Rudy Lyle: The Unsung Five-String Banjo Hero – Interview with the Author
Max Warham is a man on a mission. His new book, Rudy Lyle: The Unsung Five-String Banjo Herounveils the story of an artist with a profound influence on the current trajectory of bluegrass music, and more specifically the banjo in particular.
Lyle performed with Bill Monroe, but sadly never achieved recognition or notoriety beyond the small circle of his peers. Wareham sought to remedy this and as a result the book offers a comprehensive portrait of the artist, including his life story, playing technique, transcriptions of his work and interviews with family. , friends, colleagues and admirers of Lyle. . The latter included Sonny Osborne, Bill Emerson and Tony Trischka, who expresses his admiration up front.
The book also includes a wealth of never-before-seen portraits, adding even more depth and dimension to Lyle’s story.
Wareham himself approaches his subject from a conscious point of view. He previously studied banjo with Tony Trischka and Bill Keith, and performed with Peter Rowan on the latter’s latest album, I call you from my mountain. An academic by profession, he has taught music lessons with a strong focus on bluegrass, in addition to practicing his skills in a variety of other idioms as well.
We recently had the opportunity to speak with Wareham about his book and why he wrote it.
BLUEGRASS TODAY: First of all, thank you for taking the time to answer these questions.
MAX WAREHAM: Thank you very much for asking them!
To begin with, what inspired your interest in Rudy Lyle? In other words, what prompted you to write this book?
I actually walked into Rudy Lyle by Peter Rowan. Peter and I are family – he and my dad are cousins, but for convenience he sometimes calls me his nephew. Over the years he taught me a lot about music. I once asked Peter if he was influenced by Lester Flatt as a singer. He replied “Not really” and explained that he was much more inspired by the “high lonesome sound” of Bill Monroe and the Blue Grass Boys. I had heard of the “high lonesome sound” before, but didn’t really understand it until I looked through and listened to Bill’s discography, and really studied the music. Rudy Lyle was the banjo player on almost all of these sessions. He was working alongside Bill Monroe and Jimmy Martin to really develop the framework that had revolutionized American music a few years earlier when Earl Scruggs and Lester Flatt joined Bill Monroe’s band. However, I believe this group, with Jimmy Martin and Rudy Lyle, was a more complete artistic vision of Bill’s, and many people I’ve interviewed feel the same way. Rudy is therefore very important, historically, as someone who was instrumental in helping Monroe develop bluegrass music.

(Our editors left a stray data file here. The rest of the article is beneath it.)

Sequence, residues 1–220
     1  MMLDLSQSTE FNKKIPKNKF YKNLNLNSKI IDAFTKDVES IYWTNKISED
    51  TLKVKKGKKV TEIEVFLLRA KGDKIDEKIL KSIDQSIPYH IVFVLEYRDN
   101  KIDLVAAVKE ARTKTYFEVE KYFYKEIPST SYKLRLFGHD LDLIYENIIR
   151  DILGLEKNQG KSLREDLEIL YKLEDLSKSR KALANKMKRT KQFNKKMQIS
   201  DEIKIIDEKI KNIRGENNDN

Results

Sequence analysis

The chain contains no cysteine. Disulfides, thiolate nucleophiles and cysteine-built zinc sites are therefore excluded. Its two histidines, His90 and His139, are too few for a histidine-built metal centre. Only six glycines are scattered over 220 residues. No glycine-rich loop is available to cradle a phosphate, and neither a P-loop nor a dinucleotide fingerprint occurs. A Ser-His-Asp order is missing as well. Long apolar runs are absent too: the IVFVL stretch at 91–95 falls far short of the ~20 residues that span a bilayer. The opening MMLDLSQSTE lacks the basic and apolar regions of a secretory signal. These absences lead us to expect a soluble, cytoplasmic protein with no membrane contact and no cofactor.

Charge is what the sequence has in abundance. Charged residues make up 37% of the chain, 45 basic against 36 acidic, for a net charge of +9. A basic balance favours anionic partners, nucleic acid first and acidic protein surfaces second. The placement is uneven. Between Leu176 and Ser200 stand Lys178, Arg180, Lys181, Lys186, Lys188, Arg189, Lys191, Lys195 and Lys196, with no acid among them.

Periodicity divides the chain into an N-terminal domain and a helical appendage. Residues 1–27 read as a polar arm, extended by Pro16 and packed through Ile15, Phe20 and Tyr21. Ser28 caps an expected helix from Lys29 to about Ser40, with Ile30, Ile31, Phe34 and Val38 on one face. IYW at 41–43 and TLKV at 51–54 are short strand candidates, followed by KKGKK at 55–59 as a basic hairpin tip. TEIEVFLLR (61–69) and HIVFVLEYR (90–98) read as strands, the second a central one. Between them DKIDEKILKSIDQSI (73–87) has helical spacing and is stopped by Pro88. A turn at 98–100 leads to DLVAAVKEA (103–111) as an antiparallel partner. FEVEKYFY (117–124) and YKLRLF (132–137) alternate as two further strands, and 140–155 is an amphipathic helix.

I started to learn more about Rudy in order to deepen the tradition myself. I was surprised how little information there was about him, let alone material for those who wanted to know more about his style. I have a lot of transcription skills from my jazz guitar studies, so I thought I’d write this book so that people who want to learn more about Rudy’s style and life would have a resource to do so.
You call him “the unsung hero of the five-string banjo”. Why do you think he never got wider recognition?
It’s a good question. I asked myself the question. Rudy was the first banjo player to record with Bill Monroe after Earl Scruggs. These are very big shoes to fill. Second, Rudy went to fight in Korea in the summer of ’51. He was in the service for two years and unfortunately saw some extreme combat during that time. He returned with PTSD and severe hearing damage. The banjo never seemed quite right for him from then on. After another year playing banjo with Bill Monroe’s band, he began to focus more on electric guitar, mainly because it was easier for him to hear. He actually had a very successful career as a sideman playing with Jimmy Dean, Roy Clark, Red Rector and a young Patsy Cline. He co-led a band with Benny Martin. He mainly played in the Hank Garland style. But I think the fact that he stopped playing the banjo at a relatively young age is a big part of why he’s not better known.
How would you describe his legacy? How did he influence the banjo players who followed him? How did he influence you?